Gun issue fires up Senate hopefuls

Al Franken suggested he and Republican Sen. Norm Coleman agree on gun rights. "I support the Second Amendment," Franken said. "I don't think we're any different on this." Coleman shot that down. "That is a stunning statement," he told the Democra...

Senate debate
Three major candidates for Minnesota's U.S. Senate seat met for the fourth time Friday night on Twin Cities Public Television. From left are host Cathy Wurzer, former Sen. Dean Barkley, Al Franken, host Eric Eskola and Sen. Norm Coleman. Pioneer Photo/Don Davis

Al Franken suggested he and Republican Sen. Norm Coleman agree on gun rights.

"I support the Second Amendment," Franken said. "I don't think we're any different on this."

Coleman shot that down.

"That is a stunning statement," he told the Democrat during a Friday night debate among Minnesota's three major candidates for U.S. Senate.

Coleman, locked in a tight battle with Franken, said his main opponent got a failing grade from the National Rifle Association and has suggested limiting gun ownership.


"There's no question that there's significant differences," Coleman said, touting his 'A' rating from the rifle association.

That was among issues over which the candidates sparred during their fourth debate, on Twin Cities Public Television's "Almanac" public affairs show.

The one-hour debate's loose format -- no timed answers or formal opening or closing statements -- yielded the candidates' most lively interaction of the campaign.

Franken challenged Coleman's willingness to work with Democrats. Coleman said Franken misrepresented him, did not understand Senate actions and lacks a record of accomplishment.

Dean Barkley, who polls show is trailing Franken and Coleman by at least 15 points, played the role he has in previous debates. He presented himself as an alternative to gridlocked Democrats and Republicans.

The three candidates did agree on one issue: they would oppose a second economic stimulus package like one Congress passed earlier this year that send government checks to taxpayer mailboxes.

But a question about the Second Amendment sparked a feisty exchange.

Franken said repeatedly that he supports citizens' right to own firearms, but also said he supports background checks and a national gun ownership database.


Franken said he is not a hunter, but went hunting for the first time last year with U.S. Rep. Collin Peterson of western Minnesota.

Republicans have questioned Franken's support for Second Amendment rights, and Coleman's campaign issued a statement following the debate that included excerpts from one of Franken's books and a quote from a radio interview to suggest he is at odds with gun-rights advocates.

"You think I really want to take people's guns away?" he asked.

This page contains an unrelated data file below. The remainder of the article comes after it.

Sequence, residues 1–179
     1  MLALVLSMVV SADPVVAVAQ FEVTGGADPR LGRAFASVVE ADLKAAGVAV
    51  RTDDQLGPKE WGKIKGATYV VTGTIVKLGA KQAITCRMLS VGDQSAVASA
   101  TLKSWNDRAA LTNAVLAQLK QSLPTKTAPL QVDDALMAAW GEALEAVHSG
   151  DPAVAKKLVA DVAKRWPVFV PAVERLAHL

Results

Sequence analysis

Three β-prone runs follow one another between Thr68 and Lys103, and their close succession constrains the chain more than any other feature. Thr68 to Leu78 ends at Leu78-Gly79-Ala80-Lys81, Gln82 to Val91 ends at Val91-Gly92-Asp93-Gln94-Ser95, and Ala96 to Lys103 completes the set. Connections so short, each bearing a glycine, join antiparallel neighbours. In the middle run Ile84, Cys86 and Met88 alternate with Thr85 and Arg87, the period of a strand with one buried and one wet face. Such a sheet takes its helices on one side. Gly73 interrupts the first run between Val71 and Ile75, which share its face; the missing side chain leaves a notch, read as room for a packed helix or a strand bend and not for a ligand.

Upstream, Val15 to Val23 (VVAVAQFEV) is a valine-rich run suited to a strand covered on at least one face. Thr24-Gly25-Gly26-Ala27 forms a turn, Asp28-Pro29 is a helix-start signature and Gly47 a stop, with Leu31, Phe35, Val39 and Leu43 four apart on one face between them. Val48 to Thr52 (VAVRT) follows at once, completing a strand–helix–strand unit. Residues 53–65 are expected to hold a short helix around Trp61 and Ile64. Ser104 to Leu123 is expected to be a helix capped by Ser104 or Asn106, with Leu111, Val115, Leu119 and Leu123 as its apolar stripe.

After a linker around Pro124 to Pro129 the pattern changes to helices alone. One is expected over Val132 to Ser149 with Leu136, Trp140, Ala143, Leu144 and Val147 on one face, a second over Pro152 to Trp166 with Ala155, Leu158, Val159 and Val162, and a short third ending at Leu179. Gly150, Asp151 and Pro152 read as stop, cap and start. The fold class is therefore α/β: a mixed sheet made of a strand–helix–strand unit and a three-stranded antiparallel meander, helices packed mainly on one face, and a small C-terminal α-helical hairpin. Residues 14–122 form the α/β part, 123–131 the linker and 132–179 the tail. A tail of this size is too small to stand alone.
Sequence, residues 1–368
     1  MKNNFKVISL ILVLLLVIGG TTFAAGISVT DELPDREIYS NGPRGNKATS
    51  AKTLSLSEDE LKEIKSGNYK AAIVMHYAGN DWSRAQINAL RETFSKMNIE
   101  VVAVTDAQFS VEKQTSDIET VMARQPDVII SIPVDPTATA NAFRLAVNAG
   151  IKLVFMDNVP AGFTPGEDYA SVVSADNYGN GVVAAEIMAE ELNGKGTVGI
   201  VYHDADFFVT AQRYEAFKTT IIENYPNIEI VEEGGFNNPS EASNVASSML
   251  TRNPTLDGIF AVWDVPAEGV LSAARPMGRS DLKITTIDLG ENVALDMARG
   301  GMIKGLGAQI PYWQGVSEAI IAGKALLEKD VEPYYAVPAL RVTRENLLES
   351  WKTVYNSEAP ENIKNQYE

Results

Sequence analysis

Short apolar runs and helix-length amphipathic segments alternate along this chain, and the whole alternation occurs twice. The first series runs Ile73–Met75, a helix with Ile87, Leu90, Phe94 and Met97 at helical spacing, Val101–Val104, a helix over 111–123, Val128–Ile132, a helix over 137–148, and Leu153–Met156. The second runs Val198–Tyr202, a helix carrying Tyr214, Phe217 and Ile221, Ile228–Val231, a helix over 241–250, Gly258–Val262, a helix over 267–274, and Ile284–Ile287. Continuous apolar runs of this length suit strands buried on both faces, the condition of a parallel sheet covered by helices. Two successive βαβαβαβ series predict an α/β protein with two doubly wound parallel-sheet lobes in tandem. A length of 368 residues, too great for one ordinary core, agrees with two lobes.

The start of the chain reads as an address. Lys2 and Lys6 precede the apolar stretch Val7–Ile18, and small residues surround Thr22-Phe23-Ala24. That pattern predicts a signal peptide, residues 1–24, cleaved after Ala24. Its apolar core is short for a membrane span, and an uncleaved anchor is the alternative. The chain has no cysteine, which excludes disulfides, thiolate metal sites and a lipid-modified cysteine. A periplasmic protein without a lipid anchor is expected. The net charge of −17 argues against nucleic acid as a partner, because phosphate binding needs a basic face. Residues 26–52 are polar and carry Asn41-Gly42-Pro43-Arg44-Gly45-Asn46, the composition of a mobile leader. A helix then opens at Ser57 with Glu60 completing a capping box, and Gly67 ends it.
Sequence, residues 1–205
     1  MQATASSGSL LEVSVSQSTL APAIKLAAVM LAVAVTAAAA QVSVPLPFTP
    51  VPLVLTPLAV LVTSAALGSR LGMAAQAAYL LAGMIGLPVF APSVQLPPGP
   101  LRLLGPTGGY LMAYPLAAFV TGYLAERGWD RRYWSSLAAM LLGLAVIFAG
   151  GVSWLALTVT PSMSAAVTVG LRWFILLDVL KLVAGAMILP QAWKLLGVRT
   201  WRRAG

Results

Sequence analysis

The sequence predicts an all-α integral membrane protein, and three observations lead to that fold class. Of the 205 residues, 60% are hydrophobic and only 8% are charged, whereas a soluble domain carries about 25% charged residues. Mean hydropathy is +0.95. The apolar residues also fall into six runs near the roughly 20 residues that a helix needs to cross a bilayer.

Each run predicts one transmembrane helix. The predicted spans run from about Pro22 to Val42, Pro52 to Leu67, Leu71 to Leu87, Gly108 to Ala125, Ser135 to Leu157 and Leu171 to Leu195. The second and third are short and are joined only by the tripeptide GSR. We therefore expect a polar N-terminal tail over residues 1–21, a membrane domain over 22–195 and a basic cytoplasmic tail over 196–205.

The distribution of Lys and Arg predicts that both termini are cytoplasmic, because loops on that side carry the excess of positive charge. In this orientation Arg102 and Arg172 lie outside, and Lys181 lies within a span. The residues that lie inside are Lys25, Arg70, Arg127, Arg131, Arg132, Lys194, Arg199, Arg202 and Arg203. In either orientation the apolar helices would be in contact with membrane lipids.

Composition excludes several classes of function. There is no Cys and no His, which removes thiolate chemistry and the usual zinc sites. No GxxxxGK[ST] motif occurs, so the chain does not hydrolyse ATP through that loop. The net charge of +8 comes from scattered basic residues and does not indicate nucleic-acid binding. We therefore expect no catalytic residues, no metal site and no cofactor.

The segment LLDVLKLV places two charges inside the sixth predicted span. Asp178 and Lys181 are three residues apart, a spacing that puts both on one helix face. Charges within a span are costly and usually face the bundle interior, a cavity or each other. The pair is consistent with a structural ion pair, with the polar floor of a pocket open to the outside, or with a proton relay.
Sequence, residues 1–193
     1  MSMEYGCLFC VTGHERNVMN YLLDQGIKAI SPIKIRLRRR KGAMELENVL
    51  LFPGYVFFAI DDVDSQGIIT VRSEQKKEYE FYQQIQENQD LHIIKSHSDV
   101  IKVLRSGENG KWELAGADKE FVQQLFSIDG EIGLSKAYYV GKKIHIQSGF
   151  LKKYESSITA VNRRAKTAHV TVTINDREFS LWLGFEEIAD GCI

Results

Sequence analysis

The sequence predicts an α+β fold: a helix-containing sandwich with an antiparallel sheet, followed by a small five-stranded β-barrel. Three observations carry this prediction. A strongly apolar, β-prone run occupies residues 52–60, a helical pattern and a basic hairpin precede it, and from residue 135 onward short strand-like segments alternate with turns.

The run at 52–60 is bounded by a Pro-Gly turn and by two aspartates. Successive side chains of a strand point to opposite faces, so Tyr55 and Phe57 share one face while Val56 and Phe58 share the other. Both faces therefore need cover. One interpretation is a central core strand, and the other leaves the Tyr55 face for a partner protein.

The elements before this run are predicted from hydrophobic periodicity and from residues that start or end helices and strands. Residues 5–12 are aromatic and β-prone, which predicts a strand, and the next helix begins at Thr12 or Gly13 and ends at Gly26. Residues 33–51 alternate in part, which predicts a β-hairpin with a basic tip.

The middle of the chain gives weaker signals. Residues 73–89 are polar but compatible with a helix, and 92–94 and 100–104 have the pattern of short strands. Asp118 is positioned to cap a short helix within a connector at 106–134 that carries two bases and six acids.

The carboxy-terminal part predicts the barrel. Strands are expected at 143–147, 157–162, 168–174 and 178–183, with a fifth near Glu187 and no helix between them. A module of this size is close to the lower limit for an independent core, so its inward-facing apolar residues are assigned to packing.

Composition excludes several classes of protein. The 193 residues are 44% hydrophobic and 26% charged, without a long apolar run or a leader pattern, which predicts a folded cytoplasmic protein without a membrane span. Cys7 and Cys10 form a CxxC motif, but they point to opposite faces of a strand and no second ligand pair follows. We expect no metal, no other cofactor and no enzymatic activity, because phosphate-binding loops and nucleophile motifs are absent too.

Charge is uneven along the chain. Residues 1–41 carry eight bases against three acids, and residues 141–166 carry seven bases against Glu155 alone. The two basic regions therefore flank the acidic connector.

Barkley said that he and Coleman are the two who agree on gun-rights issues.

"The Second Amendment is the guardian for all the others," he said.

There was no support among the candidates for a second economic stimulus package, which congressional leaders are considering attempting to pass yet this year.

Coleman said he would vote against another bill similar to what Congress passed earlier this year.

"If it's another spending package, I'm not going to support it," Coleman said, adding later that he would be open to a deal if it cut taxes for small businesses.


Franken agreed with his GOP challenger.

"I don't like that," he said of a second stimulus deal. The best way to help the economy would be to start new infrastructure projects, cut taxes for the middle class and invest in renewable energy, he said.

There is no evidence the first package - known for its $600 checks to individuals - did anything to improve the U.S. economy, Barkley said. Americans have lost faith in Wall Street, Congress and the presidency.

"The only thing that's going to work is when people start believing in their institutions again," Barkley said.

There was little agreement beyond that. Franken took issue with Coleman's claim that he is among the most independent Senate Republicans and frequently works with Democrats.

Franken said Coleman wants two jobs - senator for another six years and a stint as leader of the Senate GOP's campaign organization. That is among the most partisan jobs in Congress, he said.

Coleman said if re-elected and offered the job leading the National Republican Senatorial Committee, he would turn it down if it required operating "the way politics are now."

The candidates met before a national audience; the debate was broadcast live nationwide on C-SPAN 2. They will meet one more time, in a Minnesota Public Radio-sponsored debate at 7 p.m. Sunday, Nov. 2.

The candidates were tense during the debate, but were in lighter spirits beforehand. When "Almanac" co-host Cathy Wurzer suggested to her fellow host, and husband, Eric Eskola that his socks were sagging, all three candidates also pulled up their socks.

And Franken, the former comedian, could be heard telling a story about how he promised to buy a new tie for Jack Nelson-Pallmeyer, his DFL primary opponent.

Afterward, Coleman told TPT he was a fan of the debate format, which did not have timed answers, and suggested it be twice as long in the future.

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